"The push of cold air from the north and the waves in the jet stream allow this to happen, which gives us strong wind shear," he said. "However, there are still areas in the southern latitudes, namely around the western Caribbean, that have the right ingredients for these storms to develop quickly."

Water temperatures are very warm here on two levels. Sea surface temperatures in this region are running around 2 to 4 degrees above average right now. On a deeper level is the Ocean Heat Content.

"Ocean Heat Content is a measure of the available energy for a tropical system to use," CNN meteorologist Taylor Ward explained. "It takes into account the depth of the warm water. If a system is moving over shallow warm water, it is easier to churn up cooler water and limit the intensification.

"Hurricane Delta has been moving through the highest Ocean Heat Content of the Atlantic, which resides in the northwestern Caribbean," he said. "Values are ... three to four times the amount needed to induce a significant increase in intensity, according to NOAA."

That significant increase in intensity has already happened, and it's because all those necessary components came together.

"Think of it like baking a cake. You need to have all the right ingredients," Guy said. "In the case of a tropical system, those ingredients are dynamical and thermodynamical — meaning wind and heat. However, just because you have the right ingredients doesn't mean your cake/storm will always look like a perfect cake/storm. You also need the right conditions for them to develop properly. Otherwise, your cake won't end up looking or tasting like a good cake. "

It has happened in the past, too. In fact, this region is something of a rapid intensification hot spot for major hurricanes in October, including Michael in 2018, Wilma in 2005, Iris in 2001 and Roxanne in 1995. Michael was furthest north of these storms when it underwent rapid intensification, going from 40 mph at midday on Oct. 7 to 75 mph about 24 hours later as it entered the Yucatán Channel.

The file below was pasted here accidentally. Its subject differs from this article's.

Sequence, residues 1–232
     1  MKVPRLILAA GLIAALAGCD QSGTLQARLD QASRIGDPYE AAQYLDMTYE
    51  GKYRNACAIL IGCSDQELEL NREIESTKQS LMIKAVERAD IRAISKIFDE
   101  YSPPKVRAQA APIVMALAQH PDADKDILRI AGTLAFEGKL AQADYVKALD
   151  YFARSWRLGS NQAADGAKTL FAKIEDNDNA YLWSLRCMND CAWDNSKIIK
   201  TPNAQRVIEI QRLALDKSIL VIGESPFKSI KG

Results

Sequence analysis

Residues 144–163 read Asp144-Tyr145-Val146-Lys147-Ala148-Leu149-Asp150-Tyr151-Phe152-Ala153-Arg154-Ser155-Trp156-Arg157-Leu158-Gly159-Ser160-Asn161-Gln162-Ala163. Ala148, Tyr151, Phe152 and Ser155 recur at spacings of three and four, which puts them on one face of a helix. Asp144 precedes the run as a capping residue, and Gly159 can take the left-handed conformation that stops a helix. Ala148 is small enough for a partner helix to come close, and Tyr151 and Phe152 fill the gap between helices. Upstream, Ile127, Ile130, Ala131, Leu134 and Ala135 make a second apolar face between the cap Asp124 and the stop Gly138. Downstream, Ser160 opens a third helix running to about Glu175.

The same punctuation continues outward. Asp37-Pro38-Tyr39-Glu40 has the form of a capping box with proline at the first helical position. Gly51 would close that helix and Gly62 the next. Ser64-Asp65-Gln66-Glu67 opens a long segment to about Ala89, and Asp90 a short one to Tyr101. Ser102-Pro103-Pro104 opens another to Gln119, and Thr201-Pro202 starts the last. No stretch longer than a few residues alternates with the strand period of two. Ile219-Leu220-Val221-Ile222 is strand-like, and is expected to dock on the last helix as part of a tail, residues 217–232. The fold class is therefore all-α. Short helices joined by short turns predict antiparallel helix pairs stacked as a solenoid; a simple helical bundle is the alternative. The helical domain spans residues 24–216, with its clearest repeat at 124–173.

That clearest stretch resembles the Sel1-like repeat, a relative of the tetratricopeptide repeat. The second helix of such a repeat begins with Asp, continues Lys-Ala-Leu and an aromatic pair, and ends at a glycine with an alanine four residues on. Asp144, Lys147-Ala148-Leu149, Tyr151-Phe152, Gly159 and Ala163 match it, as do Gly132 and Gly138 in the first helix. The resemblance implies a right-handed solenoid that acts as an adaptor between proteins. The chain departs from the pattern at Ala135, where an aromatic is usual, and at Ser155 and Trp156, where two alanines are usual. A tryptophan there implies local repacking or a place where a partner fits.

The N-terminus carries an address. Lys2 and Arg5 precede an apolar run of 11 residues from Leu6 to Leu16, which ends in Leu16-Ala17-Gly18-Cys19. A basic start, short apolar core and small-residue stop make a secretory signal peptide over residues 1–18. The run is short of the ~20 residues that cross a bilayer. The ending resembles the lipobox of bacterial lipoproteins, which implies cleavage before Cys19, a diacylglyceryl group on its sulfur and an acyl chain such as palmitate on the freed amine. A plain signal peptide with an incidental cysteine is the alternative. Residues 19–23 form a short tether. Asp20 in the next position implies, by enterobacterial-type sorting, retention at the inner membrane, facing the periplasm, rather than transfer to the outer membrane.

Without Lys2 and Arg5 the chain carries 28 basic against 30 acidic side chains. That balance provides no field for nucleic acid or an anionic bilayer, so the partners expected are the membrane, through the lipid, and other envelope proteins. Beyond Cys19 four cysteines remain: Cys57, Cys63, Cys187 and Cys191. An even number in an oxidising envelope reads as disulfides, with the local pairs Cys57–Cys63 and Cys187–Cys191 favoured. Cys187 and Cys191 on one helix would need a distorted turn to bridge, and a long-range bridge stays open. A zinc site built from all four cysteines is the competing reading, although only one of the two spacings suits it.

All four of those names have been retired because those storms were so deadly or costly that their future use would be "inappropriate for obvious reasons of sensitivity," according to the National Hurricane Center.

Heading for the season record

Already very active, the Atlantic hurricane season does not end until Nov. 30, and storms in some years have continued well after that. With nearly eight weeks left to go, the number of total storms is nearing the all-time record for one season, set in 2005 with 28 storms.

The season is also well above average already for Accumulated Cyclone Energy, or ACE, which measures tropical cyclone activity, taking into account named storms, plus storms' duration and intensity. Through Oct. 6, the ACE measurement is usually around 87; this year, it stands at 113.

ACE does not take into account whether a storm makes landfall. This is important because it only takes one big storm to hit land to have widespread impacts. By the end of August, there were seven landfalling storms in the continental U.S. — another record.